PARIS (Reuters) - Wild card Gael Monfils once again stole the limelight from French compatriot Jo-Wilfried Tsonga, finding time for some fun during the serious business of a 6-7 (5) 6-4 7-6 (4) 6-2 second-round win against Ernests Gulbis at Roland Garros on Wednesday.
Monfils, who downed Czech fifth seed Tomas Berdych in the first round, dished up histrionics and eye-catching shots, while also managing to film the crowds and crack a joke with his Latvian opponent between sets.
“I asked him (after the third set) ‘Do you feel it’s been dragging on? Don’t worry it’s just gonna last another 90 minutes’,” he told a courtside interviewer.
“I think it made him sick.”
His good run may not last, though, as Monfils is still troubled by a nagging injury that has hampered his career.
“I’m still that worried, and as worried as I (was) before. And tired. But I don’t want to show it,” he told a news conference.
Later, he added: “My knee is totally broken.”
Earlier, sixth seed Tsonga survived a first-set scare to advance into the third round with a 7-6 (6) 6-4 6-3 win over Finn Jarkko Nieminen.
Tsonga, the last French man to reach a grand slam final at the 2008 Australian Open final, next faces French 25th seed Jeremy Chardy, who beat Spain’s Robert Bautista Agut 6-1 7-5 6-4.
Tsonga saved a set point in the first-set tiebreak but then turned up the power and never looked back on a chilly Court Philippe Chatrier.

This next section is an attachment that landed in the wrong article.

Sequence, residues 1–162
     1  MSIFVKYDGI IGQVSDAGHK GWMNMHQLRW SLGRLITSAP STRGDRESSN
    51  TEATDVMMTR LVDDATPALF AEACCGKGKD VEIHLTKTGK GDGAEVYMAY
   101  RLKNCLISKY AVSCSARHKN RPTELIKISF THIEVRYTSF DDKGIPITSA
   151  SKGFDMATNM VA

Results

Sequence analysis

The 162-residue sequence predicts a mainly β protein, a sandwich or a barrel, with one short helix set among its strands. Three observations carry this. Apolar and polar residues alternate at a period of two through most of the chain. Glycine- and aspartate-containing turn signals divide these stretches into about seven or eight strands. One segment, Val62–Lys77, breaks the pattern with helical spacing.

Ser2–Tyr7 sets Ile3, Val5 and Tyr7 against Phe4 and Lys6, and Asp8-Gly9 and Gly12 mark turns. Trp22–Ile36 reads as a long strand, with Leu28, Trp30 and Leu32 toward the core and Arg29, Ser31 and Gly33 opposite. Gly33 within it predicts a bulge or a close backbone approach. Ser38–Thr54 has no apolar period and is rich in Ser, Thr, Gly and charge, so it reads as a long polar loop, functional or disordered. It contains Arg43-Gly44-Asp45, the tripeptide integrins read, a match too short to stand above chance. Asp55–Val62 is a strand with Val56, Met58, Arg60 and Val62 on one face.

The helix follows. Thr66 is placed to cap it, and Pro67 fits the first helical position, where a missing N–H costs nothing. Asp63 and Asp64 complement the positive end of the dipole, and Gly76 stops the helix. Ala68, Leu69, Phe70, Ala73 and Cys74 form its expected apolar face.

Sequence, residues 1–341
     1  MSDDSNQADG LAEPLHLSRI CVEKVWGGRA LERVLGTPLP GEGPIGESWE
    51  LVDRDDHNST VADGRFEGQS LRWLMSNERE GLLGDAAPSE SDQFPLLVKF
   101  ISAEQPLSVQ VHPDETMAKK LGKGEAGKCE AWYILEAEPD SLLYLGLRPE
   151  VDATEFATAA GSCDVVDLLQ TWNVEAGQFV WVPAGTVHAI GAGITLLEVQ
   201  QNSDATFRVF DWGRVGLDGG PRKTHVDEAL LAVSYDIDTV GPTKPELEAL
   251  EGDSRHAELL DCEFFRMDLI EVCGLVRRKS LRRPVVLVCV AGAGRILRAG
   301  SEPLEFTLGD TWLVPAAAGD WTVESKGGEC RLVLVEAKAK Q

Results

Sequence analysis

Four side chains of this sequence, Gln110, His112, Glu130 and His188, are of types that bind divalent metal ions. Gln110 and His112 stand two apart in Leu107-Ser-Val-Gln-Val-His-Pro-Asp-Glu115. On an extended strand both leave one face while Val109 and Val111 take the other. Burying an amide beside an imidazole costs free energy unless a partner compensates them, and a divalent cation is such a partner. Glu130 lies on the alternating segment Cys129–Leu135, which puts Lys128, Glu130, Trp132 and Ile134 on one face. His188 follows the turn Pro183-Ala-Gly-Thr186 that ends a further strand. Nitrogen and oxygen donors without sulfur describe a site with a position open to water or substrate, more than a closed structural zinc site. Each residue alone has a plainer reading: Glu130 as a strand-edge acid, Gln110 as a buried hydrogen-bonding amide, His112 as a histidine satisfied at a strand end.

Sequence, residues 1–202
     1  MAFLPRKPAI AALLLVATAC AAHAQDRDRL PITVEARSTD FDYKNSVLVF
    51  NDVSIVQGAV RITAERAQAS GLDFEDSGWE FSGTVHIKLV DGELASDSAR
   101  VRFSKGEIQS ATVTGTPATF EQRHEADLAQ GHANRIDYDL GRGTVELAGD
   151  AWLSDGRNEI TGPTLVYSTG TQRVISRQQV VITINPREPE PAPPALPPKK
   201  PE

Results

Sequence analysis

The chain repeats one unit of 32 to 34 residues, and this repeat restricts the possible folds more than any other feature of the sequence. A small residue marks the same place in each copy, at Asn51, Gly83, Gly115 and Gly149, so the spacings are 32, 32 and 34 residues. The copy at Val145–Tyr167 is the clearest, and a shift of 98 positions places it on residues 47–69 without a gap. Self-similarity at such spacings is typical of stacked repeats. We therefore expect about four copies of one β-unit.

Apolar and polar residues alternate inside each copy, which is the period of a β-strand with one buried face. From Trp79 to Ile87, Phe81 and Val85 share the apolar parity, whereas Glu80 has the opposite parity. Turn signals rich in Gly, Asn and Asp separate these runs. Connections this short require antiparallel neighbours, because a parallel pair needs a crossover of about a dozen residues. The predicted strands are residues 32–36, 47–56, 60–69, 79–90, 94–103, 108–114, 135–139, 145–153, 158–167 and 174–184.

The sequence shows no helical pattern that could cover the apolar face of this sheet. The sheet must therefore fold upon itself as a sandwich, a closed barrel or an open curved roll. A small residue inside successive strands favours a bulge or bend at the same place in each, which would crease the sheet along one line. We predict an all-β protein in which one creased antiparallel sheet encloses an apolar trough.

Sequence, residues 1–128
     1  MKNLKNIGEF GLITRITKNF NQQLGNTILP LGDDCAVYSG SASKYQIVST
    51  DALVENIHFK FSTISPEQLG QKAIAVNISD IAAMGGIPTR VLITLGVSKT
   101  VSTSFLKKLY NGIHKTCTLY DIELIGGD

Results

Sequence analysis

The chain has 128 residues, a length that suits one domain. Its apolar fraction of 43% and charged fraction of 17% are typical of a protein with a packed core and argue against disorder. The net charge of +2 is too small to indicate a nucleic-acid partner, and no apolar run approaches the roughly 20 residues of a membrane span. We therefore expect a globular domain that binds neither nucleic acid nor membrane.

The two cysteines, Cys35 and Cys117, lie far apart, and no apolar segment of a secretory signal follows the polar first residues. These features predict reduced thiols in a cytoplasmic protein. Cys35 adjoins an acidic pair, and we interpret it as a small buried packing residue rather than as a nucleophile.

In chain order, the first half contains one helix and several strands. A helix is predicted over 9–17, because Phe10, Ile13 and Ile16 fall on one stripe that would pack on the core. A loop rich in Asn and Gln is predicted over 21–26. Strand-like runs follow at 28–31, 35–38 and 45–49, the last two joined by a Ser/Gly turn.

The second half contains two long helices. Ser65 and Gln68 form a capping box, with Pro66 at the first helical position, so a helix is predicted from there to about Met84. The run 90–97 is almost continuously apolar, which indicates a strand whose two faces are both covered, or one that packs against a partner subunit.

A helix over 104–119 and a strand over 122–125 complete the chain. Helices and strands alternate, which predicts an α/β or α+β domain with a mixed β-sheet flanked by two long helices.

He ended the contest on his first match point with a backhand passing shot after less than two hours.
“I suppose I could have produced a better copy book, if you will, less blotchy,” Tsonga told a news conference.
“The person I was playing is an iconic person on the tour and he’s sure as a Swiss clock. Beating him is never easy. Today it was a pretty tall order.”
The real show, however, was next on center court as Monfils continued his brilliant run.
In the third set, the Frenchman was 5-2 up before letting his opponent force him to a tiebreak he eventually won 7-4 with a jaw-dropping stop volley.
Gulbis was not bothered by Monfils’s antics, saying he had not even heard what his opponent had said to him.
The Latvian, however, could not block out the partisan crowd.
“What can I do? I played a beautiful point, I have 22 people applauding me,” he said with a smile.
Next up for Monfils is Spanish claycourt specialist Tommy Robredo, the 32nd seed.
Julien Benneteau, the 30th seed, beat German Tobias Kamke 7-6 (9) 7-5 5-7 0-6 6-4, having had his left thigh massaged in the fourth set as he set up a third-round meeting with second seed Roger Federer.
It was a good day altogether for the French men as only Edouard Roger-Vasselin and Michael Llodra were beaten in the second round, by 11th seed Nicolas Almagro and 14th seed Milos Raonic respectively.
Gilles Simon, seeded 15th, overcame a sluggish start to overcome Uruguay’s Pablo Cuevas 6-7 (2) 6-1 6-1 6-1.
The last French man to win a grand slam singles title was Yannick Noah, who won the French Open in 1983. Henri Leconte was the last French man to reach the singles final at Roland Garros, in 1988.
Reporting by Julien Pretot; Editing by Clare Fallon and Sonia Oxley